• Under the orders of the Delhi High Court, the Delhi Development Authority (DDA) is in the process of restoring Neela Hauz, a large pond in south Delhi. By March 2013, it is scheduled to complete the work that involves removing weed and hyacinth infestation, dredging, planting local trees and shrubs and constructing walking tracks. (Photo by Arun Sharma/Hindustan Times)

    Forest dept investigates complaint of fresh encroachments in Southern Ridge

    In the complaint, Akash Vashishtha, who is an environmental activist and lawyer, said fresh constructions are being undertaken at these two locations, for which trees are being felled. The ecology of the southern ridge is deteriorating due to these encroachments, states the complaint.

  • Panipat additional superintendent of police (ASP) Vijay Singh said the arrest of Ashu (accused) helped them in solving three blind murder cases reported from three different locations.(Image for representational purpose)

    Panipat man kills three within 8 hours; arrested

    The accused, Ashu, a resident of Panipat’s Nara village, killed the victims, reportedly his friends, between 8pm and 4am and travelled around 60km from the first crime scene in Matlauda of Panipat to Titawi in Uttar Pradesh’s Shamli. The victims are Sonu, 26, who was working with a private contractor in a cement factory, and his two friends -- Monu, 25, of Nara village and Rakesh, 27, of Bhalsi village.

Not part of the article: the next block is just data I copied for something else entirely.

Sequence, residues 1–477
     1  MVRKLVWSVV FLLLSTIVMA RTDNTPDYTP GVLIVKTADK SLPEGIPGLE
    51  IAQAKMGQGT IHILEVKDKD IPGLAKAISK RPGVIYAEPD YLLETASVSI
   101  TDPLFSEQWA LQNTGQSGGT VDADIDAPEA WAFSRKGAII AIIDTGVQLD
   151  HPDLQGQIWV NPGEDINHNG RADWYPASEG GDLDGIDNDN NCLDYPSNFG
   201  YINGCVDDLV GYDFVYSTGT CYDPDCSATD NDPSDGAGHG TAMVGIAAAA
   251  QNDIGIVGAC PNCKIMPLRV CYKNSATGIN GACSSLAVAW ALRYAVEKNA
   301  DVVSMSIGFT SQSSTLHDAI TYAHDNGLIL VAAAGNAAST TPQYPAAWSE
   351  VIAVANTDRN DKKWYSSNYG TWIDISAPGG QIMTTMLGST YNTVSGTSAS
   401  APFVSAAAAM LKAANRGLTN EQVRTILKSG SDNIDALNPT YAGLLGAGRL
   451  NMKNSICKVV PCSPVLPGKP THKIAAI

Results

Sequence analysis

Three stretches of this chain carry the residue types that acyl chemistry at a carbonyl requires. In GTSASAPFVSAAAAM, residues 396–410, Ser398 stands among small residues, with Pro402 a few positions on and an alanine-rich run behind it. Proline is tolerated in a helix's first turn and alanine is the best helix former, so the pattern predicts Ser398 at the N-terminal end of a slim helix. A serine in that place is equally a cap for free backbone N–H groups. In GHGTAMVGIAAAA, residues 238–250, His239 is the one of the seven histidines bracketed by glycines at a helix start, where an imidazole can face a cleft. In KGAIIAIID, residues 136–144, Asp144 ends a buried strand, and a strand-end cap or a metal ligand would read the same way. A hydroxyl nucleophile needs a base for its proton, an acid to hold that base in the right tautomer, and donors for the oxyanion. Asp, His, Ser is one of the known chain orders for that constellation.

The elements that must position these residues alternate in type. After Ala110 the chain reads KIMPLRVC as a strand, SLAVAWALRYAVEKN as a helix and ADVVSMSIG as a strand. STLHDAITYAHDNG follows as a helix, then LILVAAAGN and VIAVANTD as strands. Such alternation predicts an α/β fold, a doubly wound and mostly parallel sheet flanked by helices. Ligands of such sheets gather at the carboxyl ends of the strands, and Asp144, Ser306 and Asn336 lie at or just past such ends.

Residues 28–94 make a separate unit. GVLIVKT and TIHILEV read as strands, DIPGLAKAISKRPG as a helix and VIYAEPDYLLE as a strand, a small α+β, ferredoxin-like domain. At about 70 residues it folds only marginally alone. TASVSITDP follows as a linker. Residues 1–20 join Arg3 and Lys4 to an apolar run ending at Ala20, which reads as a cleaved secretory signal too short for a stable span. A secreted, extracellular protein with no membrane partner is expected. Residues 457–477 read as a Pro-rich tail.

• The Delhi government has introduced several curriculum over the past few years.

    Delhi: Tools to help schools assess mindset curriculum impact

    The Delhi government introduced the Happiness curriculum in 2018, Entrepreneurship mindset curriculum in 2019 and the Deshbhakti curriculum last year with the aim of inculcating problem-solving approaches among students and making them more self-aware, self-confident and socially responsible.

  • Delhi LG Vinai Kumar Saxena.

    Delhi LG inspects drainage at flooding hot spots

    While the LG appreciated the work done at Indraprastha and Pul Prahladpur, he was displeased at the drainage system at Minto Bridge, flagging “technical flaws” in the drainage system and warned that engineers concerned “will be held responsible and strict action will be taken in the event of waterlogging at the site.”

Story Saved
Saved Articles
My Reads
Sign out
New Delhi 0C
Monday, July 04, 2022